I took B yesterday to visit the Vlooybergtoren, a lookout tower a few km north of where she lives (at 50.926611 N 4.916528 E to be precise). The weather was not fantastic, but we had also been (with all three kids) two years ago and I don't seem to have written that up here at the time, so here are the rather better photographs from 2019 mixed in with the overcast ones from yesterday.
It was built in 2013 to replace an old wooden watchtower that had collapsed after repeated vandalism, and was then enlarged in 2018 after another vandalism incident. The whole thing weighs 13 tons; it is 11 m high and 20 m in length.
Yesterday B had just had a brutal haircut (she is not always co-operative with haircuts). But she was in good enough form. Some sports car enthusiasts were meeting up at the tower – you can see two AC Cobras behind her, and I am not sufficiently versed in these matters to identify the others that were visible in the vicinity.
B does not go for long walks these days, and yesterday balked a bit less than halfway up. I escorted her back to our car and completed the climb myself.
In 2019 we were able to persuade her to go all the way.
At the base of the tower is a poem by local poet Ina Stabergh:
|Tower of Tielt
Noem mij toren van Pisa
Zeg gewoon: Toren van Tielt.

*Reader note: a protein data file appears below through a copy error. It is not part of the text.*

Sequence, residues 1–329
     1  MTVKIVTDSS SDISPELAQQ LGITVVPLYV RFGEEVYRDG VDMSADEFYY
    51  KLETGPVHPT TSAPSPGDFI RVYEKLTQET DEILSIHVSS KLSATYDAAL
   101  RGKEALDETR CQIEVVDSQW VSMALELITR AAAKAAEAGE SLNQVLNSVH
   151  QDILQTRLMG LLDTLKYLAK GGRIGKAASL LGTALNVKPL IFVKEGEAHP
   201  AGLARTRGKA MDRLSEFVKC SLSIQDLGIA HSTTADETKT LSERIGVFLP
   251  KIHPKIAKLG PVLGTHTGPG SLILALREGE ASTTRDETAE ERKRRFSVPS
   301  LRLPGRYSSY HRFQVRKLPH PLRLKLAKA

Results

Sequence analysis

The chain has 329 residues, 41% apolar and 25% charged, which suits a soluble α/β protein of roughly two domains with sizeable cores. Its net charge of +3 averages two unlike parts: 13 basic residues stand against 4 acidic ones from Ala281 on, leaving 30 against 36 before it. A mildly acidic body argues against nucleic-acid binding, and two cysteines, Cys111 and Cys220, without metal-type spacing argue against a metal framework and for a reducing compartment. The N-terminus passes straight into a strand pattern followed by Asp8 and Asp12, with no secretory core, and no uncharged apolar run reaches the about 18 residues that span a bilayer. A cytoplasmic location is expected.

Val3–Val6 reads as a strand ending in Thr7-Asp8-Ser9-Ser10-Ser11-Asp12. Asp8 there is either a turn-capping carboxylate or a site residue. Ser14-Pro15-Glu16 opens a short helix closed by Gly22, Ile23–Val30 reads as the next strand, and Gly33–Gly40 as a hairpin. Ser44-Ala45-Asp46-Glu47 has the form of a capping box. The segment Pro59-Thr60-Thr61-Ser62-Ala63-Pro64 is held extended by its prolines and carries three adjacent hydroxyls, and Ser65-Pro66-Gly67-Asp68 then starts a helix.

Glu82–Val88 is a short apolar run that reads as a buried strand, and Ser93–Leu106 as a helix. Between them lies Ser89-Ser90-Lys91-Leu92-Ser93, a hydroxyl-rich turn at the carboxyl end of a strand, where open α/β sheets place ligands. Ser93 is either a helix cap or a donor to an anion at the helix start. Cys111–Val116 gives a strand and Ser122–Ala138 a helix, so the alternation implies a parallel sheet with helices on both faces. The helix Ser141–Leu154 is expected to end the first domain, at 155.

|Tower of Tielt
Call me the Tower of Pisa
Just say: Tower of Tielt.
The designer, Yves Willems, said rather cryptically that he was inspired by a phrase from Antoine de Saint-Exupéry's Terre des hommes:
Il semble que la perfection soit atteinte non quand il n'y a plus rien à ajouter, mais quand il n'y a plus rien à retrancher.
It seems that perfection is achieved not when there is nothing more to add, but when there is nothing more to remove.
The Vlooybergtoren won a prize for one of the best steel constructions in Belgium that year. The jury said:
A thrilling project, full of imagination with a
surrealist side. It has a function, but maybe
it doesn't. This 'stairway to heaven' is a wink to
Magritte – 'ceci n'est pas un escalier'.
(French and Dutch texts are slightly differently nuanced; I have used the French.)
The reference of course is to this famous painting of 1929:
So, partly a watchtower for the local woodlands, partly a nod to our national heritage of artistic surrealism, partly a tourist attraction. What could be more Belgian?